Big data and IoT benefit from machine learning, AI apocalypse not imminent
So what’s really going on? Is this something brand new or just the maturation of ideas spawned out of decades-old artificial intelligence research? Does deep learning require conversion to some mystical new church to understand it, or do our computers suddenly get way smarter overnight? Should we sleep with a finger on the power off button? But most importantly for IT folks, are advances in machine learning becoming accessible enough to readily apply to actual business problems — or is it just another decade of hype?
There are plenty of examples of highly visible machine learning applications in the press recently, both positive and negative. Microsoft’s Tay AI bot, designed to actively learn from 18 to 24 year olds on Twitter, Kik and GroupMe, unsurprisingly achieved its goal. Within hours of going live, it became a badly behaved young adult, both learning and repeating hateful, misogynistic, racist speech. Google’s AlphaGo beat a world champion at the game of Go by learning the best patterns of play from millions of past games, since the game can’t be solved through brute force computation with all the CPU cycles in the universe. Meanwhile, Google’s self-driving car hit a bus, albeit at slow speed. It clearly has more to learn about the way humans drive.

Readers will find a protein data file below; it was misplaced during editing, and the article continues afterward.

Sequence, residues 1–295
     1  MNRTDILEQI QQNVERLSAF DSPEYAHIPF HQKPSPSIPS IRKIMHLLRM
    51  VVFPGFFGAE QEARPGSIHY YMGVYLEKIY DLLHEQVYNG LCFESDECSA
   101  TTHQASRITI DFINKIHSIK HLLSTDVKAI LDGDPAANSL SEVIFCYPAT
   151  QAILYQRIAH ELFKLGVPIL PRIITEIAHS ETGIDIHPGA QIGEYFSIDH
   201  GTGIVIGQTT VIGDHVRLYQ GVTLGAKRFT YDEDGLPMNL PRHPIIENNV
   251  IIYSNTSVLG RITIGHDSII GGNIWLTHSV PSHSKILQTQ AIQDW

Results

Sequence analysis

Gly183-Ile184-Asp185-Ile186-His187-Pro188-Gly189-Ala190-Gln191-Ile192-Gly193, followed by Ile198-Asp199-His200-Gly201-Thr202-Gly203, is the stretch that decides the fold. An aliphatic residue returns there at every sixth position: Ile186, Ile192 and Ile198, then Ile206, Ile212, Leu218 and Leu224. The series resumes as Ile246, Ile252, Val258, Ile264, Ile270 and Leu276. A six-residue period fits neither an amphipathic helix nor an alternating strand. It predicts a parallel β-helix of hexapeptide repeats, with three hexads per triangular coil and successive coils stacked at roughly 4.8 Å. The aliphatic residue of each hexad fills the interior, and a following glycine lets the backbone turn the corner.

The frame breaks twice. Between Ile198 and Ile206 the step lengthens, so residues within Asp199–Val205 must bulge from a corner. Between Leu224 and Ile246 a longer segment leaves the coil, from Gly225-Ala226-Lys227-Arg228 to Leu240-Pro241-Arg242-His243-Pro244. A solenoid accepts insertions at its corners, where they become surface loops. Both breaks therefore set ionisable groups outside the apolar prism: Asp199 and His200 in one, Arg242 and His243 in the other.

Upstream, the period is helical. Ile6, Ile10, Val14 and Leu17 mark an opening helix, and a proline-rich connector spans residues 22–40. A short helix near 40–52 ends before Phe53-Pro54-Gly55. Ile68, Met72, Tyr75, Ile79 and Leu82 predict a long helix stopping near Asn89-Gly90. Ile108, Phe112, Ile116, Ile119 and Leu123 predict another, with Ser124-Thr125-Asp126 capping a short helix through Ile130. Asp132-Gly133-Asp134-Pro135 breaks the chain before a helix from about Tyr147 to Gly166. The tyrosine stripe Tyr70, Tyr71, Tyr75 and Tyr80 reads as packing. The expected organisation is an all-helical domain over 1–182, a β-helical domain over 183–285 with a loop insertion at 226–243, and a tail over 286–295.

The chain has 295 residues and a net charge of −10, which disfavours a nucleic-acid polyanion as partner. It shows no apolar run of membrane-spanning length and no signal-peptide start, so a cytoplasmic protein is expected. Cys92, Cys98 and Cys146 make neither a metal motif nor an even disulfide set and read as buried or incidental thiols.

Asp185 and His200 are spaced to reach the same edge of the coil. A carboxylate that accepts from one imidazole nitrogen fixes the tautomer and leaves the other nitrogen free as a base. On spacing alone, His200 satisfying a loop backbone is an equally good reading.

Before diving deeper, let me be clear, I have nothing but awe and respect for recent advances in machine learning. I’ve been directly and indirectly involved in applied AI and predictive modeling in various ways for most of my career. Although my current IT analyst work isn’t yet very computationally informed, there are many people working hard to use computers to automatically identify and predict trends for both fun and profit. Machine learning represents the brightest opportunity to improve life on this planet — today leveraging big data, tomorrow optimizing the Internet of Things (IoT).
Do machines really learn?
First, let’s demystify machine learning a bit. Machine learning is about finding useful patterns inherent in a given historical data set. These usually identify correlations between input values that you can observe, and output values that you’d eventually like to predict. Although precise definitions depend on the textbook, a model can be a particular algorithm with specific parameters that are tuned, or one that comes to “learn” useful patterns.
There are two broad kinds of machine learning:
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